Matt Mason thinks piracy can be a positive force for connected content. His book The Pirate’s Dilemma came out in 2008, and was subtitled ‘How Hackers, Punk Capitalists, Graffiti Millionaires and Other Youth Movements are Remixing Our Culture and Changing Our World’. He is also director of innovation at creative agency Syrup/LBi.
After his presentation, he was interviewed by Derrick de Kerckhove, director for the McLuhan Program in Culture & Technology at the University of Toronto, and professor at the Interdisciplinary Internet Institute.
He started by pointing out that digital content exists online, and can be copied an unlimited number of times without losing any quality, for free. “That’s very hard to control,” he said, before segueing into a comparison to the US government’s 40-year ‘war on drugs’, which Mason says has resolutely failed to prevent people from ‘sharing’ drugs – despite punishments like incarceration and death.
“We’re not gonna stop people sharing these things… The bad news is it’s going to get a lot worse,” he said, referring to connected 3D printers, which may at some point allow people to download product details and then print out facsimiles of, for example, trainers. “Copying is going to become more of an issue for more industries,” said Mason.
“We see piracy as being this problem and this threat, but it’s also an opportunity,” he continued, before remembering his days as a pirate radio DJ on Ice FM, where the police were simultaneously trying to catch it to shut down, but also advertising on it to reach its audience.
Mason said that the reason people listen to pirate radio is that they’re playing the newest artists and songs, compared to the more staid playlist policies of the commercial radio stations. “They’re an incubator of innovation,” said Mason, of the pirates.
So how does the content industry compete with pirates? The first obvious method is fight them, but said that “these periods of chaos become the new order in the end… the smart thing to do is copy pirates. If you can’t control it, and people keep doing it and want to share this content… really that’s a market signal that there’s something going on outside your market.”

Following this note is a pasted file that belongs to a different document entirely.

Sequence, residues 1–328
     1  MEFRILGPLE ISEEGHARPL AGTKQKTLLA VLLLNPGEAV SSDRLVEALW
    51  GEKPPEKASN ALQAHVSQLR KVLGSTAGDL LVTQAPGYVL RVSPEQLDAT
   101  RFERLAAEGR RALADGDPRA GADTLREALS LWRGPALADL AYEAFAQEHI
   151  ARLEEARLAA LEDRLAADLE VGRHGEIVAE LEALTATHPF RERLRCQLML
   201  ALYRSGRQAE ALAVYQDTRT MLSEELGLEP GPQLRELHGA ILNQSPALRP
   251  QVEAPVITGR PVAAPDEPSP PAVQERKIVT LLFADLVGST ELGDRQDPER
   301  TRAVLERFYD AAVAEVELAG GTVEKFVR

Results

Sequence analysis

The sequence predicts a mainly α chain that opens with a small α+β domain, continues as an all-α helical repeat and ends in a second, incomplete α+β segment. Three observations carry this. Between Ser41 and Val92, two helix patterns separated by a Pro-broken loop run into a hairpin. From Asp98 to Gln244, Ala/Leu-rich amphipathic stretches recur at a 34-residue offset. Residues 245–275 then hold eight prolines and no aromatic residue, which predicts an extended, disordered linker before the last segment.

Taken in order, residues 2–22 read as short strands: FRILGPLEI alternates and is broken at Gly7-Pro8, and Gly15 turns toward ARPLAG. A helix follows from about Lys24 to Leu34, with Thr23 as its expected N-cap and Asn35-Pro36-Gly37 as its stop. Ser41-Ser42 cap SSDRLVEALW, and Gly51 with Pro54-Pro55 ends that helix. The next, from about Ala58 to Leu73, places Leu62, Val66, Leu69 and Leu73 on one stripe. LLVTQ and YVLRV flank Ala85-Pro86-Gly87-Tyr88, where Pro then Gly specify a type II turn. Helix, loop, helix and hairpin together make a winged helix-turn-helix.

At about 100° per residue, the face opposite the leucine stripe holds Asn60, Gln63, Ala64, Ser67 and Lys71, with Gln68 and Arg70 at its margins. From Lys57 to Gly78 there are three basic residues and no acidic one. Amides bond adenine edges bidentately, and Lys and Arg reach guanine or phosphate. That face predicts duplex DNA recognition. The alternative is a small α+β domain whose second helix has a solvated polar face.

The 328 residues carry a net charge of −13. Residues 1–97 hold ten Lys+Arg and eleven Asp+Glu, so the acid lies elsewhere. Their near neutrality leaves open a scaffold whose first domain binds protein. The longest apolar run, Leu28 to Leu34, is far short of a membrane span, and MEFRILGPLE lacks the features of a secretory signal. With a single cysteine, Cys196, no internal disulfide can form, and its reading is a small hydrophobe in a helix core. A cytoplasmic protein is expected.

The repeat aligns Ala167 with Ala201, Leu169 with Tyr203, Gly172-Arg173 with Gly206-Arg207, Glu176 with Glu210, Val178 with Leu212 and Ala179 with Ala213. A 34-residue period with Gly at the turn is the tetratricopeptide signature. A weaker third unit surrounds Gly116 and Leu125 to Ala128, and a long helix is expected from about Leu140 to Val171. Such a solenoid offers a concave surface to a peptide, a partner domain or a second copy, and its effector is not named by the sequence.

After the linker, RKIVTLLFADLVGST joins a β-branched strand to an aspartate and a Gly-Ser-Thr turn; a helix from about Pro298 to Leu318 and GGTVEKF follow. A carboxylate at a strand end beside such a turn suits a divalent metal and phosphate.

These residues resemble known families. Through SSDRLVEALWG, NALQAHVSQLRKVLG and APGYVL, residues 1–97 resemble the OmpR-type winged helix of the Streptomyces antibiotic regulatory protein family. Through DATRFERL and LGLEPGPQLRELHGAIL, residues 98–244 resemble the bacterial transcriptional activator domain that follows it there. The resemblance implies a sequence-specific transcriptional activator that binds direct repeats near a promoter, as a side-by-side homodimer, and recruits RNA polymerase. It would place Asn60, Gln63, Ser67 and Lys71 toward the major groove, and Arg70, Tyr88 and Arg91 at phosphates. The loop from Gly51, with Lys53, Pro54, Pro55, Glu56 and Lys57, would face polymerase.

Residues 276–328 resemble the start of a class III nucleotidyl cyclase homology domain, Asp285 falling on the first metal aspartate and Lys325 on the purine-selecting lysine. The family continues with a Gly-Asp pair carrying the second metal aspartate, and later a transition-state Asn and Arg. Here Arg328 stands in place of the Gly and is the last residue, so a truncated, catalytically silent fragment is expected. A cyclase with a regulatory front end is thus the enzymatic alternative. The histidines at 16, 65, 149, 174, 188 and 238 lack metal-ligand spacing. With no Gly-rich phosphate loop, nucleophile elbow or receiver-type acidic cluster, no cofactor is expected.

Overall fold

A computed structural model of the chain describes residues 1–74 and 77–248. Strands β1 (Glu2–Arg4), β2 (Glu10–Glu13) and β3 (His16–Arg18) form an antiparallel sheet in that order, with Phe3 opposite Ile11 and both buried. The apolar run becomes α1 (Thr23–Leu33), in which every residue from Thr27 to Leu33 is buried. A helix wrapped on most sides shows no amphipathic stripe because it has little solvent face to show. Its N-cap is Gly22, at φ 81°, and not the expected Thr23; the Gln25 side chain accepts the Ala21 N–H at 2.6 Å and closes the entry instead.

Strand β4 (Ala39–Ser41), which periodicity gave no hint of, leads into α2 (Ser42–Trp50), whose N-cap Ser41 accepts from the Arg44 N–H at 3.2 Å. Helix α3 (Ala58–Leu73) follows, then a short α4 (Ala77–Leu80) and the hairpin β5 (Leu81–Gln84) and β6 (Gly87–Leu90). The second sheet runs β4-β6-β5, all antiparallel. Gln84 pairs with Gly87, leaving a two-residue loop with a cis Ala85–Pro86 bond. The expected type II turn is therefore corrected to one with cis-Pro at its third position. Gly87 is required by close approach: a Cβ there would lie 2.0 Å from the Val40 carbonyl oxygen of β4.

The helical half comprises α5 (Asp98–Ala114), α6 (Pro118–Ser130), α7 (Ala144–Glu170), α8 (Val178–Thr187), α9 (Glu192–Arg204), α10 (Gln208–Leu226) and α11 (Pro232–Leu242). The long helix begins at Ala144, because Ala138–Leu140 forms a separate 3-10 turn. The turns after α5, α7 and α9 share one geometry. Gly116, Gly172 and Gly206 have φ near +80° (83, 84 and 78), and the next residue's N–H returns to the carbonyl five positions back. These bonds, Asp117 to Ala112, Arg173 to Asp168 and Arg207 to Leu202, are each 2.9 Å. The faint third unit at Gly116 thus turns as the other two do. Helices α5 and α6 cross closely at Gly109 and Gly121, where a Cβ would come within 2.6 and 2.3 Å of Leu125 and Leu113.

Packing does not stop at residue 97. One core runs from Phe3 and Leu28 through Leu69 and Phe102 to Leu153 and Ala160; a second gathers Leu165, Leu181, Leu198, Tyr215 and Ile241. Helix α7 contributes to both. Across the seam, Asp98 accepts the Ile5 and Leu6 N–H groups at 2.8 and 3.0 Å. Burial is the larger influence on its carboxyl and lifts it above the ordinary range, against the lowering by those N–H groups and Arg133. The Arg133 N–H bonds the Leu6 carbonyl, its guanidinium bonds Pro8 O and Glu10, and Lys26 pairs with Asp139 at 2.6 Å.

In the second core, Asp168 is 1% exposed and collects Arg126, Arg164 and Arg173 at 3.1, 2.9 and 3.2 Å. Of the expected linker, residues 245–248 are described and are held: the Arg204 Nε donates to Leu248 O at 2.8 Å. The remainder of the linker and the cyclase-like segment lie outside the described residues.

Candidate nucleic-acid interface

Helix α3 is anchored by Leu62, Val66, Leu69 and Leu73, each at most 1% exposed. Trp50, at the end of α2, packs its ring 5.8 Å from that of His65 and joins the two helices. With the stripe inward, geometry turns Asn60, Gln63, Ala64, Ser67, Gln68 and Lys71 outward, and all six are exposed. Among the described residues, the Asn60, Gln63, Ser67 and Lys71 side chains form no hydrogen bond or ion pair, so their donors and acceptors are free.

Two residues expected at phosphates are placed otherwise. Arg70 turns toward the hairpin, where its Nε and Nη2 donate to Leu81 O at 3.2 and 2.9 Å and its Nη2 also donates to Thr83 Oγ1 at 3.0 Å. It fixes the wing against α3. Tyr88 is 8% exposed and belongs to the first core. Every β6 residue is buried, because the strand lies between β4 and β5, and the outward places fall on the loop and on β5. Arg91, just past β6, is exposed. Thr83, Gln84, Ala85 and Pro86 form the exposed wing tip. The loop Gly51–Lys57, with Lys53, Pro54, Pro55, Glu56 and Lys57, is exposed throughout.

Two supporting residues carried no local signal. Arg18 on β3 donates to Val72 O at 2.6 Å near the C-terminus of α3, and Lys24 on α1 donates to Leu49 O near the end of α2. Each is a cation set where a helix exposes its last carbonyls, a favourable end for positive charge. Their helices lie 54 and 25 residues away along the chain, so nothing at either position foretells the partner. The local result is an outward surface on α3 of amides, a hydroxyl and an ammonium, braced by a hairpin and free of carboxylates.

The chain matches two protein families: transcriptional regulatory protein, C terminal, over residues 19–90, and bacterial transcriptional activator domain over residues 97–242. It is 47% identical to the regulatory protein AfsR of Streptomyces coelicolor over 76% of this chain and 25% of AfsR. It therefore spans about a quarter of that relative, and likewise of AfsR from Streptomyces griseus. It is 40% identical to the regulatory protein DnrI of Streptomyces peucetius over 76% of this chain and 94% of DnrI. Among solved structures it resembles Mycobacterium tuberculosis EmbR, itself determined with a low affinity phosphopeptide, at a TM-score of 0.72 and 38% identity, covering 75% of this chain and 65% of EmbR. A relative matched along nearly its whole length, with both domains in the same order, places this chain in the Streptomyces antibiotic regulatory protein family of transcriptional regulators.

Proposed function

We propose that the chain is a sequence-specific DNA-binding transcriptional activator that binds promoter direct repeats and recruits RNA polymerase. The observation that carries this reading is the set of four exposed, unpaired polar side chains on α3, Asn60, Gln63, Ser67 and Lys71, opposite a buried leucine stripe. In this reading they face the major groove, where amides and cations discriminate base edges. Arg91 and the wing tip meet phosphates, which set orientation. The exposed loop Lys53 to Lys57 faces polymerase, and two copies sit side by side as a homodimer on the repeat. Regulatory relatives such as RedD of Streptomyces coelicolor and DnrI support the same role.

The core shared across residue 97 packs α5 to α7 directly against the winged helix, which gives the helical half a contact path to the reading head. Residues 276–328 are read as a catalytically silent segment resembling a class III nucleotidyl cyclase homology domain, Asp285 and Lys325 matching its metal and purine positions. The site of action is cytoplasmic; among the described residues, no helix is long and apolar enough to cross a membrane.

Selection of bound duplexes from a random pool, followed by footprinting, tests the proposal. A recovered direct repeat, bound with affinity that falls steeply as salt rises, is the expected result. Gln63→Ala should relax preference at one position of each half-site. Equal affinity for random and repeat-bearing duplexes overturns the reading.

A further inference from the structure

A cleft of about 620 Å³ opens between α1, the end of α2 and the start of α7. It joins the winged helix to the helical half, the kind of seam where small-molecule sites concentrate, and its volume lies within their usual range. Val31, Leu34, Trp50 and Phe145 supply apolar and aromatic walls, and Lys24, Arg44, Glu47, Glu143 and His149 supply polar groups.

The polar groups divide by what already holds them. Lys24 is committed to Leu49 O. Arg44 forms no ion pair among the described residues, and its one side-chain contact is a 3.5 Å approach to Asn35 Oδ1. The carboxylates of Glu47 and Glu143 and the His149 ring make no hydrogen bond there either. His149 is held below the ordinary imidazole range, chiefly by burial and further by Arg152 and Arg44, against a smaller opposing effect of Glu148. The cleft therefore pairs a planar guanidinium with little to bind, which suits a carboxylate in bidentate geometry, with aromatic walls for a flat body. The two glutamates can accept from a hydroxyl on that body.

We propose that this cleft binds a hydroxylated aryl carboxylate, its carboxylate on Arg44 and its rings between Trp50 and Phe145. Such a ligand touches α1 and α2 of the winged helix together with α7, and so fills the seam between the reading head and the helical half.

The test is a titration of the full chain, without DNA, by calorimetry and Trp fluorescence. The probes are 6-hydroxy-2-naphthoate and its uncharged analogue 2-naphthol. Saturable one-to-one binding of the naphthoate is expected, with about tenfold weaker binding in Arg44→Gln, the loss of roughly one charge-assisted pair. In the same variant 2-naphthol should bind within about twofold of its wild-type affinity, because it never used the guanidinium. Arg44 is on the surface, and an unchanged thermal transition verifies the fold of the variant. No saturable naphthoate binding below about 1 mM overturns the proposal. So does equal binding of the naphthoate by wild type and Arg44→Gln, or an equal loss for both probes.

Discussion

Mason said services including iTunes, YouTube and Hulu are examples of this: legal services offering the same kind of access to content that had previously only been restricted to pirate sites.
He also talked about some examples from the games industry: a 1981 game called Castle Wolfenstein for the Apple II computer, which three 11 year-olds managed to crack into, changing its Nazi characters into Smurfs, revamping the game as Castle Smurfenstein. “They shared this version of Wolfenstein on bulletin boards with their friends, and it became an underground hit,” he said.
Ten years later, one of those children’s peers – John Carmack – formed id Software, bought the rights to Castle Wolfenstein and released a new version, but inspired by the Smurfenstein remix, left the code open so people could make their own levels and tweak the game’s content. Something that in turn contributed to the rise of the ‘machinima’ artform. “There’s this whole form of culture that grew because three 11 year-olds found their way into a game in the 1980s.”
Mason also talked about the fashion industry, and the fact that “because people can copy each other, we have trends… letting people copy you is a really good idea.”
He also had more advice: sell things that pirates will never be able to copy. That includes convenience – iTunes is easier to use than the pirate services. Also experience. Mason said box-office receipts are going up year-on-year because of the experience of cinema. “If the experience keeps getting better and better, we’ll be okay,” he said.
“Transmedia also pirate-proofs content,” he said. “If people have got all kinds of options for getting your stuff for free, a good idea is to give them more and more options to pay for it.” He cited Heroes as a good example of a show that prospered with a transmedia strategy in this way – fans had lots of way to pay for the show or related content and products.
The final thought of Mason’s set speech: if someone is copying your stuff, who should you consult first: legal or marketing? He talked about a famous example of a band called Guy’s Night who made a song inspired by Die Hard, and put it online with clips of the movie, before being ordered to take it down by studio Fox’s legal department. Two weeks later, Fox’s marketing department heard about the video, and rang the band asking them to put it back online. In other words: marketing.
Mason finished by returning to the idea of content owners providing more ways to get their content legally, rather than simply trying to fight piracy. He used recent news stories in the US suggesting that better-than-expected music sales in the early months of 2011 are due to P2P service LimeWire being shut down last year as an example.
“I don’t think it has as much to do with LimeWire going down as it has with there being so many ways to get music legally now,” he said. “Now we’re seeing the content industries get much more aggressive about innovating… variable pricing, anything that legitimises the behaviour and makes it part of the new normal is a great way to go.”